Japanese commuters can buy an impressive array of items from the country’s ubiquitous vending machines, including edible insects, hamburgers, boiled eggs, beer, hot ramen and—thanks to a new automat installed last fall at a train station in the Akita prefecture town of Semboku—bear meat.
The machine is stocked with meat harvested by members of a local hunting club who participate in a carefully regulated hunt for the country’s modest population of Asiatic black bears. Plastered with pictures of lean and fatty cuts of bear meat, the machine is maintained by the Soba Gora restaurant, which is located near the Tazawako Station, a stop on the country’s celebrated bullet train network. Passengers snap up 10 to 15 packs of bear meat a week, according to an account in The Mainichi, a Japanese newspaper, and calls for more are coming in from as far away as Tokyo. The meat sells for 2,200 yen per 250-gram pack, which is roughly $17 for half a pound.
“(Bear meat) tastes clean, and it doesn’t get tough, even when cold,” a Soba Gora representative told the newspaper. “It can be enjoyed in a wide range of dishes, from stew to steaks.”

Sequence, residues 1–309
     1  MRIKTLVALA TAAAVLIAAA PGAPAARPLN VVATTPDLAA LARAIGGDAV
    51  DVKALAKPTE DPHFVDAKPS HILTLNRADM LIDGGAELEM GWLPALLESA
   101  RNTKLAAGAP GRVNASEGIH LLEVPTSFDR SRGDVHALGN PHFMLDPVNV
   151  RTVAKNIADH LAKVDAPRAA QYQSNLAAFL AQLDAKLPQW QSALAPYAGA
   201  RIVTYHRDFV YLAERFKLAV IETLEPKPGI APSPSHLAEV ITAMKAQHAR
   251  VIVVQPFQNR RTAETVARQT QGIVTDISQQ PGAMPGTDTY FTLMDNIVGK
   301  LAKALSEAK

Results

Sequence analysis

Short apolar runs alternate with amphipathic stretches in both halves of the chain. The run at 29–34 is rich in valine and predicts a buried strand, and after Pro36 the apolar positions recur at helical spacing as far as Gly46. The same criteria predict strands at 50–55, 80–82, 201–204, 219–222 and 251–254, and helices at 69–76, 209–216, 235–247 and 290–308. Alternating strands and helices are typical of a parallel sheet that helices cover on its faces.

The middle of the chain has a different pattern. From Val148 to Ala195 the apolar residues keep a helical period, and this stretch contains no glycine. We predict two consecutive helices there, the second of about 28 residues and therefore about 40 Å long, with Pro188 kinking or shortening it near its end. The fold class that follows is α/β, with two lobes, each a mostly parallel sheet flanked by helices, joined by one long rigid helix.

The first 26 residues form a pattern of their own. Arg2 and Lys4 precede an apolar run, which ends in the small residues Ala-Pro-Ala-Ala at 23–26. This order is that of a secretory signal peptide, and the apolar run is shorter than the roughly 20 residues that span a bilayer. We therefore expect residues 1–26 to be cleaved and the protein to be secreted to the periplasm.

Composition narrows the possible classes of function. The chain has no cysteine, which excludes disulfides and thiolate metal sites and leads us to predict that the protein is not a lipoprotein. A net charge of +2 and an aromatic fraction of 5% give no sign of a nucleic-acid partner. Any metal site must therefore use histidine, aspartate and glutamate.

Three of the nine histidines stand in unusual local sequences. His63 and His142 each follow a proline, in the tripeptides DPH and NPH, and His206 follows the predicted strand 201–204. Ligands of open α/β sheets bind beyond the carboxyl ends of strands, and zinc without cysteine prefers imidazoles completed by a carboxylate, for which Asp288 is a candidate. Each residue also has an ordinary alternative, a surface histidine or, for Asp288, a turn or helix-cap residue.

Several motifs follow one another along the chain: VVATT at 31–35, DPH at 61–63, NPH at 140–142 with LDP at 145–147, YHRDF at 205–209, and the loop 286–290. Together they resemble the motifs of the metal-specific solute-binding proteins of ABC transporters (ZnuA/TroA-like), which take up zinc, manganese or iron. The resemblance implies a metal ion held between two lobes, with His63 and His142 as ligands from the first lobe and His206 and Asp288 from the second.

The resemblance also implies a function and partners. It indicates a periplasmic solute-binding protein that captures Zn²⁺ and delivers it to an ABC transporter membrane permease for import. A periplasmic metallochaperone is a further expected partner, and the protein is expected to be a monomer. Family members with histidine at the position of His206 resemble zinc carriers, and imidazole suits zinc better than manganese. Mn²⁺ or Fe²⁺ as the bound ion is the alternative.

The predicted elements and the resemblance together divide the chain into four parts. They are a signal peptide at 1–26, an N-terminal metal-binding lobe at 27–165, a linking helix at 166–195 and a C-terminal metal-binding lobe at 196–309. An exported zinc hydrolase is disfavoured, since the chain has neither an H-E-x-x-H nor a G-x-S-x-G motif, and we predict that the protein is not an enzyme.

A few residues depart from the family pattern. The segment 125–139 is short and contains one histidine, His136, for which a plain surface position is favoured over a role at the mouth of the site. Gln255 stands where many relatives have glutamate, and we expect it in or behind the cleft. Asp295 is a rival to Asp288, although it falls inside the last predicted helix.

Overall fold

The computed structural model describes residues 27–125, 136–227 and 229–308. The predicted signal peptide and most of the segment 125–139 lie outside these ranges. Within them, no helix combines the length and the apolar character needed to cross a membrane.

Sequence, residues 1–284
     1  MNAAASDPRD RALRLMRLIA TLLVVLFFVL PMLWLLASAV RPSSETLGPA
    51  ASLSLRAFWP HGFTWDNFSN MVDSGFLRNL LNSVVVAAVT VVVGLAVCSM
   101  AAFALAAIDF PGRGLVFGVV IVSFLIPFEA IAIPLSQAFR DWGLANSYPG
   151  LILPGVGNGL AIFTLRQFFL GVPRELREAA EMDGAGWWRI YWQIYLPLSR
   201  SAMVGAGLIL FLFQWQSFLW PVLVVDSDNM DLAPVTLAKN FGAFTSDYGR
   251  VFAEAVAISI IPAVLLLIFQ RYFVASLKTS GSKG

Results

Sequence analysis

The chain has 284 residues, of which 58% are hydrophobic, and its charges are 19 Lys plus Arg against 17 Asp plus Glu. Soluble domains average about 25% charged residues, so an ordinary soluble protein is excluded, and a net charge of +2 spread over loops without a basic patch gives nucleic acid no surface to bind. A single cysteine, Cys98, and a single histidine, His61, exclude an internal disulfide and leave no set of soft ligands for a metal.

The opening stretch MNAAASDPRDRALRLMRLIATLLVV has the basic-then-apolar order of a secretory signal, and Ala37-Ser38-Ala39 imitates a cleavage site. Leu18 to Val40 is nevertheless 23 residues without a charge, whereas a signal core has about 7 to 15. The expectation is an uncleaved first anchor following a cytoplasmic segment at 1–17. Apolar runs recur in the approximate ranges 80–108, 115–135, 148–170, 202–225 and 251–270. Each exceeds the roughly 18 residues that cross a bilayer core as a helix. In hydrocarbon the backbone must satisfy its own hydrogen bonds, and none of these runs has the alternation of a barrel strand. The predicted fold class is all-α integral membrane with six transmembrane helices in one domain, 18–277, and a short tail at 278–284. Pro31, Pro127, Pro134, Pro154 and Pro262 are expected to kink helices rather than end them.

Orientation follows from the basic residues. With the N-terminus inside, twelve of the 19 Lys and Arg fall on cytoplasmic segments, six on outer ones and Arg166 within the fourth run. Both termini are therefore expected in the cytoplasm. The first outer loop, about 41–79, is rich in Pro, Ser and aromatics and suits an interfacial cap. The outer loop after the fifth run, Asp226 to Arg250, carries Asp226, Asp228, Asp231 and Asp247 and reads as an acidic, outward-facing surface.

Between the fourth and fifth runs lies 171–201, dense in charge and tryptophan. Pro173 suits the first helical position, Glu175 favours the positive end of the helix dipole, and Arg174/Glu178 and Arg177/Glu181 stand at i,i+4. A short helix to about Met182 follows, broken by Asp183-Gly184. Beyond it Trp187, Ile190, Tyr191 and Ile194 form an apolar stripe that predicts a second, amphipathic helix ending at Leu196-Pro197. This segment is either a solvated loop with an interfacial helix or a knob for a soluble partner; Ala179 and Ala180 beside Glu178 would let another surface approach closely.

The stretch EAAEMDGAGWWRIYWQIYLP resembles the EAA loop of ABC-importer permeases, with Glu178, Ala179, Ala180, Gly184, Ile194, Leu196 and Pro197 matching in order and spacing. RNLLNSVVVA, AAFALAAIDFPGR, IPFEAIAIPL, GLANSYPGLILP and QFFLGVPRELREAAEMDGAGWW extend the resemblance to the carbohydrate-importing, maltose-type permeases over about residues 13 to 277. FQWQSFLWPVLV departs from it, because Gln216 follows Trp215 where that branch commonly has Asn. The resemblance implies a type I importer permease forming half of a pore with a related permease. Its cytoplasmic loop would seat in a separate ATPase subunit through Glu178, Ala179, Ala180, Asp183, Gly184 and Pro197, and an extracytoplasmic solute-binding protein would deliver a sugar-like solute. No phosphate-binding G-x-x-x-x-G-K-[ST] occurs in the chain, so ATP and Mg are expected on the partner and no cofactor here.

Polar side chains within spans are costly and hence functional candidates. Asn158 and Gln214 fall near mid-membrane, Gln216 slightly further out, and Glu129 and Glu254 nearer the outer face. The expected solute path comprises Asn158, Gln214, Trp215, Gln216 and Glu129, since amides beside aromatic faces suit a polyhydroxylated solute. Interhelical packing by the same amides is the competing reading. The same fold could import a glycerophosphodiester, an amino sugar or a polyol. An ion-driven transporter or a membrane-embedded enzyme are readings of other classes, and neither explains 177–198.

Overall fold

Japan has more vending machines per capita than any other country—about one for every 23 people in 2000, when the number of machines peaked at 5.6 million. The selection has dipped a bit since then, according to the Japan Vending System Manufacturers Association, to around 4 million in 2020. That’s still way more machines than bears. Various estimates put the country’s population of Asiatic black bears at between 10,000 and 20,000. Even rarer Ezo brown bears, which are closely related to Siberian brown bears and more distantly related to North American grizzlies, are thought number around 3,000.
Japan has a storied tradition of bear hunting dating back to medieval times. Traditional winter hunters known as Matagi would band together for group bear hunts in the mountain forests of northern Japan. Those hunts continue today in Akita and other northern prefectures by special license. Reports of encounters between bears and humans have been on the rise in recent years, quadrupling since 2009, with two deaths and 158 injuries reported in 2020—the highest in a decade. The run-ins are attributed to a decline in the bear’s beech forest habitat and an abandonment of farmland brought on by rural depopulation in the country. “There is less to eat in the mountains and that is why they are coming down into villages,” Yuko Murotani, president of the Japan Bear and Forest Society, told the Guardian. “If they can’t find enough acorns in the mountains, they will inevitably search for them in places where there are people.”